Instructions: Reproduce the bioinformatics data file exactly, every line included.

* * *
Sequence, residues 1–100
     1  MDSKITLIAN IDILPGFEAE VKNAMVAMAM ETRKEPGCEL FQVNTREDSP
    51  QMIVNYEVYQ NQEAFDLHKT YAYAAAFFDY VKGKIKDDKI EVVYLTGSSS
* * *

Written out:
Sequence, residues 1–100
     1  MDSKITLIAN IDILPGFEAE VKNAMVAMAM ETRKEPGCEL FQVNTREDSP
    51  QMIVNYEVYQ NQEAFDLHKT YAYAAAFFDY VKGKIKDDKI EVVYLTGSSS